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Commission CEO appointed the National Suicide Prevention Adviser to the Prime Minister

Commission CEO appointed the National Suicide Prevention Adviser to the Prime Minister

The National Mental Health Commission (Commission) welcomes the appointment of its CEO, Christine Morgan, to the new role of National Suicide Prevention Adviser to report directly to the Prime Minister, Scott Morrison.

The Commission Chair, Lucy Brogden AM, said this appointment recognises the tragic impact suicide is having across Australian communities, and the focus required to ensure that current and future initiatives, and expertise in suicide prevention, is drawn upon to reduce and prevent the devastating number of suicide deaths in Australia.

“The Commission welcomes the Prime Minister’s recognition of Ms Morgan’s exemplary skills in bringing communities and experts together to tackle difficult social and health problems facing our nation,” Mrs Brogden AM said.

“Australia has a number of internationally recognised experts in suicide prevention for Ms Morgan to work with in this new role, including recently appointed Commissioner, Alan Woodward, founding director of the Lifeline Research Foundation. 

“There are times when love is not enough to keep our loved ones safe from suicide and self-harm. At those times we need strong connected services available to all Australians,” said Mrs Brogden AM.

The new role of National Suicide Prevention Adviser to the Prime Minister has four key tasks.

  • Report on the effectiveness of the design, coordination and delivery of suicide prevention activities in Australia, with a focus on people in crisis or increased risk, including young people and our first nations people;
  • Develop options for a whole-of-government coordination and delivery of suicide prevention activities to address complex issues contributing to Australia’s suicide rate, with a focus on community-led and person-centred solutions;
  • Work across government and departments to embed suicide prevention policy and culture across all relevant policy areas to ensure pathways to support are cleared, and people who are at an increased risk of suicide are able to access support; and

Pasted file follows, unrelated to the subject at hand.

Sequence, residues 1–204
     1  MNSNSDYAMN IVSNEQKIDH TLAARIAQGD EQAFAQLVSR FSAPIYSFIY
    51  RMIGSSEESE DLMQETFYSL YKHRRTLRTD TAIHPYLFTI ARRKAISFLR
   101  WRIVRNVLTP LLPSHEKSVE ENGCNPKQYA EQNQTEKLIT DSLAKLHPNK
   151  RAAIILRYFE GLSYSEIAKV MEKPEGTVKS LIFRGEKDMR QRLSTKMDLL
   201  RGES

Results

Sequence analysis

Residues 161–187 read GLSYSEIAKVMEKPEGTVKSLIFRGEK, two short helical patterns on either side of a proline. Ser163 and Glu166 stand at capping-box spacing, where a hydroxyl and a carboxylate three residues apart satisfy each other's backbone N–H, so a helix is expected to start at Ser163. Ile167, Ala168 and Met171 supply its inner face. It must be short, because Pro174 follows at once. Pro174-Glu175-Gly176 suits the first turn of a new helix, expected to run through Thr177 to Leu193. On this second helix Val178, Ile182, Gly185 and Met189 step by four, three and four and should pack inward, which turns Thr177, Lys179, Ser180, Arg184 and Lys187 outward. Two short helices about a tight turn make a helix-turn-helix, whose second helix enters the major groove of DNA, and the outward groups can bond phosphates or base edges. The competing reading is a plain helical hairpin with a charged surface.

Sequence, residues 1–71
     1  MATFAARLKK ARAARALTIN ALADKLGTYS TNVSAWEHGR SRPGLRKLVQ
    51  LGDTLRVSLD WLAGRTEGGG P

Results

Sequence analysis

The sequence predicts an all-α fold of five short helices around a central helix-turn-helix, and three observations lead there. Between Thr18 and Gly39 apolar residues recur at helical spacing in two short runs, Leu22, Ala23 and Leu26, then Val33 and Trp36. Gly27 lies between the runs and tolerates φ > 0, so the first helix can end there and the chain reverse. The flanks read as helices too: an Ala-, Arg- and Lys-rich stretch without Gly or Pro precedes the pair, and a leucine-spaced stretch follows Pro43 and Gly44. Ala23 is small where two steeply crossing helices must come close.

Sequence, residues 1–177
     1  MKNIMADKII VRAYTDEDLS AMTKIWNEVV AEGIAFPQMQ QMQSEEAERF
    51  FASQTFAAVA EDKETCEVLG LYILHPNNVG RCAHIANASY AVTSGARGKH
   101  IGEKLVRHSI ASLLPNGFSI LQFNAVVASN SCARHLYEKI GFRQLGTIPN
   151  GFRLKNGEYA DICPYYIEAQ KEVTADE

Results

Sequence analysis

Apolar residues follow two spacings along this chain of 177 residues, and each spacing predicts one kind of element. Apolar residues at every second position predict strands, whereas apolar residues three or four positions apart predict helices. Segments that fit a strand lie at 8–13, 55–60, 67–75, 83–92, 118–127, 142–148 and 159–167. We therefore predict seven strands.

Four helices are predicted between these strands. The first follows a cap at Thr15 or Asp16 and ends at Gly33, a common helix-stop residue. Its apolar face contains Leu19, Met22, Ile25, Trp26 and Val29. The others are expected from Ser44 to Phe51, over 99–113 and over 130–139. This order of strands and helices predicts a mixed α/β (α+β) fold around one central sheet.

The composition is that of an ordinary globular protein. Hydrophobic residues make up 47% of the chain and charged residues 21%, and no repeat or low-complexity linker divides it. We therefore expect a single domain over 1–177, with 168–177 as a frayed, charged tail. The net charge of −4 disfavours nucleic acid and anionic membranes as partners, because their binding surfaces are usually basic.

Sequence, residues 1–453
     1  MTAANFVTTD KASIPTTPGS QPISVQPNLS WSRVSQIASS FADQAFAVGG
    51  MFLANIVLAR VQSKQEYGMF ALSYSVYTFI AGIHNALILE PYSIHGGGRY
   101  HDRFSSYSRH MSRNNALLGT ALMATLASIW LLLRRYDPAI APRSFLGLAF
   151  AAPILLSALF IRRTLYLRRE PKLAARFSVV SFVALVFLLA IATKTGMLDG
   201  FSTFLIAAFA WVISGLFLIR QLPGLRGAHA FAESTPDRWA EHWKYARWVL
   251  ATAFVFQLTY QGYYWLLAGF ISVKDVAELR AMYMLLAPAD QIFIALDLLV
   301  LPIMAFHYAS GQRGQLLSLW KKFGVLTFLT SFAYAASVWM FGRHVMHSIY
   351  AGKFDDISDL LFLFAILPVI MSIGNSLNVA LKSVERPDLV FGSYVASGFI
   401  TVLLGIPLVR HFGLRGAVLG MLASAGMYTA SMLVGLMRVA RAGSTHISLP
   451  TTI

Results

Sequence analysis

• Draw upon all current relevant work government and the sector is undertaking to address suicide, including the Fifth National Mental Health and Suicide Prevention Plan and Implementation Strategy, and the findings of the Productivity Commission and Royal Commission into Victoria’s Mental Health System inquiries.

“The scope of this new role demonstrates the level of commitment the Government has to addressing the root causes of suicide across our communities, with a focus on at risk communities. It also recognises that many of the responses will need to target building better connected and capable communities, by supporting the programs and initiatives that are working on the ground,” Mrs Brogden added.

“Success for this role and the Government’s commitment to mental health and suicide prevention will be to have a clear and significant pathway towards zero suicides in Australia.”

The Commission looks forward to supporting the Prime Minister in this commitment, as it continues to play an integral role in assisting the Federal Government by monitoring and reporting on its investments in mental health and suicide prevention, and by being a catalyst for change to achieve improvements.

NOTE: We request that all reporting on mental health and suicide adhere to the Mindframe Media Guidelines. We encourage you to include at least two help lines with your reporting.

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Acknowledgement of Country

The Commission acknowledges the traditional custodians of the lands throughout Australia.
We pay our respects to their clans, and to the elders, past present and emerging, and acknowledge their continuing connection to land, sea and community.


The Commission is committed to embracing diversity and eliminating all forms of discrimination in the provision of health services. The Commission welcomes all people irrespective of ethnicity, lifestyle choice, faith, sexual orientation and gender identity.

Lived Experience

We acknowledge the individual and collective contributions of those with a lived and living experience of mental ill-health and suicide, and those who love, have loved and care for them. Each person’s journey is unique and a valued contribution to Australia’s commitment to mental health suicide prevention systems reform.